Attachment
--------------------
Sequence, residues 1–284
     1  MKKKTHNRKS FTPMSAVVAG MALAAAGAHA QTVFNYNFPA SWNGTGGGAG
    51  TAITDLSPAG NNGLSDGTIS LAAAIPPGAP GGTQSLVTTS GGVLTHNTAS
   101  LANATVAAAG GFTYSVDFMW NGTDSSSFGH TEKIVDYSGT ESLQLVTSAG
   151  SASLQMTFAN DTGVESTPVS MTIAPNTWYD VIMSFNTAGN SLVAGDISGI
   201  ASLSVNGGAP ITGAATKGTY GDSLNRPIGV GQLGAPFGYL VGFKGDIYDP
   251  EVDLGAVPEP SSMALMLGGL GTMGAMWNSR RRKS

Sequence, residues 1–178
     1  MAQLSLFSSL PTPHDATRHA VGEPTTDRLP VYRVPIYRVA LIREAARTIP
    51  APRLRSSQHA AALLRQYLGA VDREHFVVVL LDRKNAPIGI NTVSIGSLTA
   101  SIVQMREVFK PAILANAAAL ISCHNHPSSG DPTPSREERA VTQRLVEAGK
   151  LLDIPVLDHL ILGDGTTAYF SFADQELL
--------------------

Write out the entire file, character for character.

Sequence, residues 1–284
     1  MKKKTHNRKS FTPMSAVVAG MALAAAGAHA QTVFNYNFPA SWNGTGGGAG
    51  TAITDLSPAG NNGLSDGTIS LAAAIPPGAP GGTQSLVTTS GGVLTHNTAS
   101  LANATVAAAG GFTYSVDFMW NGTDSSSFGH TEKIVDYSGT ESLQLVTSAG
   151  SASLQMTFAN DTGVESTPVS MTIAPNTWYD VIMSFNTAGN SLVAGDISGI
   201  ASLSVNGGAP ITGAATKGTY GDSLNRPIGV GQLGAPFGYL VGFKGDIYDP
   251  EVDLGAVPEP SSMALMLGGL GTMGAMWNSR RRKS

Sequence, residues 1–178
     1  MAQLSLFSSL PTPHDATRHA VGEPTTDRLP VYRVPIYRVA LIREAARTIP
    51  APRLRSSQHA AALLRQYLGA VDREHFVVVL LDRKNAPIGI NTVSIGSLTA
   101  SIVQMREVFK PAILANAAAL ISCHNHPSSG DPTPSREERA VTQRLVEAGK
   151  LLDIPVLDHL ILGDGTTAYF SFADQELL